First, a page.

Please take a minute, read this, and add this to your prayers. Thanks. Mary Herboth's brother is dying of cancer. It seems nothing can be done except the best things like prayer and the sacraments.

Thursday, November 17, 2005

Looking for Something to Pray Over?

Here's one.

Here's another.

I'll pray that one group retain its courage, and that the other group finds it.

Wednesday, November 16, 2005

My Golem's Name Is "McCarthy"

I remember an old story about the golem, a creature in Jewish folklore which could be made from inanimate materials only by the greatest sages, who used them to fight pogroms and anti-Semitism. The main problem was keeping the golem from turning on its creators. I recalled the legend when I read this story courtesy of the Drudge Report. The ADL is issuing a wake-up call to the Jewish community. It has a list of hundreds (perhaps millions) of card-carrying Evangelicals who have infiltrated our institutions and halls of government, and who are using their influence to destroy the country. As Abraham Foxman, the ADL's national director puts it:
"What we're seeing is a pervasive, intensive assault on the traditional balance between religion and state in this country" . . . "They're trying to bring Christianity to all aspects of American life. They're not just talking just about God and religious values but about Jesus and about Christian values."
I didn't know there was a difference, when it came to "the traditional balance between religion and state in this country." That "traditional balance" has always exiled and outlawed any talk about God and religious values -- Christian, Jewish, or otherwise -- from the public forum. Government at all levels has, for the past sixty years or so, built a "wall of separation," between "Church and state" that includes synagogues, ashrams, and mosques. It is stupid at best, and disingenuous at worst, to suggest that this anti-religious attitude welcomes "God and religious values," and is endangered only when people mention "Jesus and Christian values."

True to form, the ADL has produced its own questionable poll supporting its position. It is, of course, tailor made to elicit answers that can seem threatening to non-Christian religious minorities. For example, the ADL trumpets alarm over this result:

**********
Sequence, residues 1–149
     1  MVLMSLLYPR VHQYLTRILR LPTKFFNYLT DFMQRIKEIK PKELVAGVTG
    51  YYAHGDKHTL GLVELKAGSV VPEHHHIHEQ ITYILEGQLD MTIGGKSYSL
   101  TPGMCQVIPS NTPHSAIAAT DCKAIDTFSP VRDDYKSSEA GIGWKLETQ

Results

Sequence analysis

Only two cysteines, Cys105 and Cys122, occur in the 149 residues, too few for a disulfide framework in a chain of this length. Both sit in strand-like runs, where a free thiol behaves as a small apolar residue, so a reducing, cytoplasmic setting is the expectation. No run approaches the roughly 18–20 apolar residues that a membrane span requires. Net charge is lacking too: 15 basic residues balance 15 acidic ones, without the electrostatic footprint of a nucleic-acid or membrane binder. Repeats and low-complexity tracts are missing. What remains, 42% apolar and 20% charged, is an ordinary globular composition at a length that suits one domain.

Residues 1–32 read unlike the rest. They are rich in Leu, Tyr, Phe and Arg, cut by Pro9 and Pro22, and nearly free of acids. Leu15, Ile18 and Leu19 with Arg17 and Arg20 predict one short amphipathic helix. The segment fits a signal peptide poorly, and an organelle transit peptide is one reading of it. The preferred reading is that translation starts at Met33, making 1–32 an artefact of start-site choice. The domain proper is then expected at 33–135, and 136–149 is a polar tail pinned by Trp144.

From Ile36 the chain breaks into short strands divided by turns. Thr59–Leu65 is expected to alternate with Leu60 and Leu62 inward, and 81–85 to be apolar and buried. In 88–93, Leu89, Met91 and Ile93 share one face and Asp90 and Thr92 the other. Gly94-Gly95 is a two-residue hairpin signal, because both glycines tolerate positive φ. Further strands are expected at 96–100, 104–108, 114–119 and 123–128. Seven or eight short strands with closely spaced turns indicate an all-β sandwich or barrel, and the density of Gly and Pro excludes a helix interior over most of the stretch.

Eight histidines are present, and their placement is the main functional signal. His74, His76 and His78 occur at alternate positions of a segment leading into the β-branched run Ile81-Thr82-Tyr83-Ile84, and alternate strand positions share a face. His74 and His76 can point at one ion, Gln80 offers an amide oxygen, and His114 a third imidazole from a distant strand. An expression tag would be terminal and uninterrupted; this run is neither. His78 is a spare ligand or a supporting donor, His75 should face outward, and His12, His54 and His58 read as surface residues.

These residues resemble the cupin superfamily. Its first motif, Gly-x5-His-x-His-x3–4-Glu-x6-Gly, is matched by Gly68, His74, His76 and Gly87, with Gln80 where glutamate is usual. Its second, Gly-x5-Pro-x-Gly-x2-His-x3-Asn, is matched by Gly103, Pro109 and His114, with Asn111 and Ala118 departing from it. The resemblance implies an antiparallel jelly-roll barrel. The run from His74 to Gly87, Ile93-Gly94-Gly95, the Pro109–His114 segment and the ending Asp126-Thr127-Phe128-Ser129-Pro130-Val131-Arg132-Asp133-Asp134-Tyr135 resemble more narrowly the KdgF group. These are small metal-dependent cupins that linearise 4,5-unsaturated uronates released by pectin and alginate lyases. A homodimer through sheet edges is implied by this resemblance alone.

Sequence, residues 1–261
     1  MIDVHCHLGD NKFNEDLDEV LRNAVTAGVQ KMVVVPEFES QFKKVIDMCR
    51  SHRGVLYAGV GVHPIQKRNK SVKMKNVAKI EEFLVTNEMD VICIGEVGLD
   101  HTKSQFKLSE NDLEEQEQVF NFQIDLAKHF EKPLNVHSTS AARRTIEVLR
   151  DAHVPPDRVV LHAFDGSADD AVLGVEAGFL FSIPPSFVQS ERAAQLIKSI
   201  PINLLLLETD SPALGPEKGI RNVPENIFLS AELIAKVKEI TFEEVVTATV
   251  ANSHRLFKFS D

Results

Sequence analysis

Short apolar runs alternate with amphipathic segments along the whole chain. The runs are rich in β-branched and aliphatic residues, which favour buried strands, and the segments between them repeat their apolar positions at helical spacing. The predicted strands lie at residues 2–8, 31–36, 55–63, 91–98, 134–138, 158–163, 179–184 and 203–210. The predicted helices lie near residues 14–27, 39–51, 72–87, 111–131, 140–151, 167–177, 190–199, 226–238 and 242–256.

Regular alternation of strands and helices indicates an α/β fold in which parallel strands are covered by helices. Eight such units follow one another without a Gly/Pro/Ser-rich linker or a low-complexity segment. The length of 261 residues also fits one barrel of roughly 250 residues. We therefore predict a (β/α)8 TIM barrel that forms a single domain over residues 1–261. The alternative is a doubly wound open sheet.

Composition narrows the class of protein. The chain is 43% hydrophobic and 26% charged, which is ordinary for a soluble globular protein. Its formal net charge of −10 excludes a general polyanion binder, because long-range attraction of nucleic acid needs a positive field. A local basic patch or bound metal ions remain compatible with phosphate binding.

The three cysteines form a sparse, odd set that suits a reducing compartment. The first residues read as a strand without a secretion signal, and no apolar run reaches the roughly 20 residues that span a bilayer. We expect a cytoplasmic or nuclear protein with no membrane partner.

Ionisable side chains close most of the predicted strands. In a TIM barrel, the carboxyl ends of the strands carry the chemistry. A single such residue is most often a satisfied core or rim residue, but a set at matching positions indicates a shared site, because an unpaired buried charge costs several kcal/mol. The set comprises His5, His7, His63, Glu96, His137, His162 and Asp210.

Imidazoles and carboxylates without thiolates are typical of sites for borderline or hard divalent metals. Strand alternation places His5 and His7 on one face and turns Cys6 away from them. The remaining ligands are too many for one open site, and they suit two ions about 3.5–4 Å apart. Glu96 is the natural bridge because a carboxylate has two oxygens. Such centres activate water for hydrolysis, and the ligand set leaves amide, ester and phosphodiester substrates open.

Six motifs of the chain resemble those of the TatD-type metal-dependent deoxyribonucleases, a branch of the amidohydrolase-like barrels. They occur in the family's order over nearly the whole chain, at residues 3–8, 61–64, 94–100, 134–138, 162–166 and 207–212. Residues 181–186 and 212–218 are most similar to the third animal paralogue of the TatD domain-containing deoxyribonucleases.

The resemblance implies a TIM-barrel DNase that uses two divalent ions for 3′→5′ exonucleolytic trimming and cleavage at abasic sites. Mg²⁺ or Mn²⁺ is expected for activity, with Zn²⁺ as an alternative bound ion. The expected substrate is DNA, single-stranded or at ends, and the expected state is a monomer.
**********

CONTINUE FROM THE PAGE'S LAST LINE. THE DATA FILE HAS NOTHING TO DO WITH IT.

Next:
Sixty-nine percent of Evangelicals and 60 percent of weekly churchgoers said there should be "organized" prayer in public schools, according to the survey, and 89 percent of Evangelicals agreed that religious symbols "like the Ten Commandments" should be displayed in public buildings.
I wasn't aware that displaying the Ten Commandments is an act of anti-Semitic exclusion. More to the point, however, is that the ADL (among its many unclarities in the poll) apparently didn't want to ask the respondents whether they thought "organized prayer" meant prayers voluntarily organized and attended by student groups, or mandatory, "gun-at-your-head" recitations of the Nicene Creed. If I were worried about an impending Evangelical theocracy, I'd want to know that.

The rhetoric -- communicated, no doubt, faithfully by The Jewish Week -- is full of code-words that telegraph the ADL's intended course.
Warning that the evangelical right has made alarming gains . . . .

ADL policy [of] attacking several prominent religious right groups and challenging their motives . . . .

national Jewish summit to respond to the growing challenge . . . . .

But even more threatening . . . . .

More ominously . . . .

naming names, and judging the motives of leading conservative Christian groups . . . .

get-tough approach

Jewish groups have been ‘seduced' by the Evangelicals' support for Israel, even as those groups pursue the ‘Christianization' of the nation'
The Nazis are back (as though they'd ever been absent from the ADL's version of history). They're trying to "Christianize" the nation, "seducing" the Jewish leadership with equivocal gestures and words, all the while pursuing "threatening, ominous, alarming" aims with questionable (anti-Semitic) motives that call for all-out Jewish effort to "get tough."

I confess to a great lack of sympathy with this approach, as much as I admire it as a brilliant example of mass politics.
Rabbi Eugene Korn, director of Jewish affairs for the American Jewish Congress and a former ADL official, agreed that a collective re-evaluation of Jewish church-state strategies is in order . . .

He conceded that "Jews have always fared badly in systems where religion is allied with the government. But I just don't see that there is a serious move to do that in this country. I'm not frightened by the issue of whether the Ten Commandments should be in public buildings."
There's far more of Rabbi Korn's sage and excellent observations than I've quoted, but I quoted this small piece to point something out.

Jews have not "always fared badly" in systems where religion is allied with the government. The Lutheran Church, it's interesting to note, is the official, state-supported religion of Sweden and Denmark.
Denmark was the only occupied country that actively resisted the Nazi regime's attempts to deport its Jewish citizens. On September 28, 1943, Georg Ferdinand Duckwitz, a German diplomat, secretly informed the Danish resistance that the Nazis were planning to deport the Danish Jews. The Danes responded quickly, organizing a nationwide effort to smuggle the Jews by sea to neutral Sweden. Warned of the German plans, Jews began to leave Copenhagen, where most of the 8,000 Jews in Denmark lived, and other cities, by train, car, and on foot. With the help of the Danish people, they found hiding places in homes, hospitals, and [gasp! official state] churches. Within a two week period fishermen helped ferry 7,220 Danish Jews and 680 non-Jewish family members to safety across the narrow body of water separating Denmark from Sweden.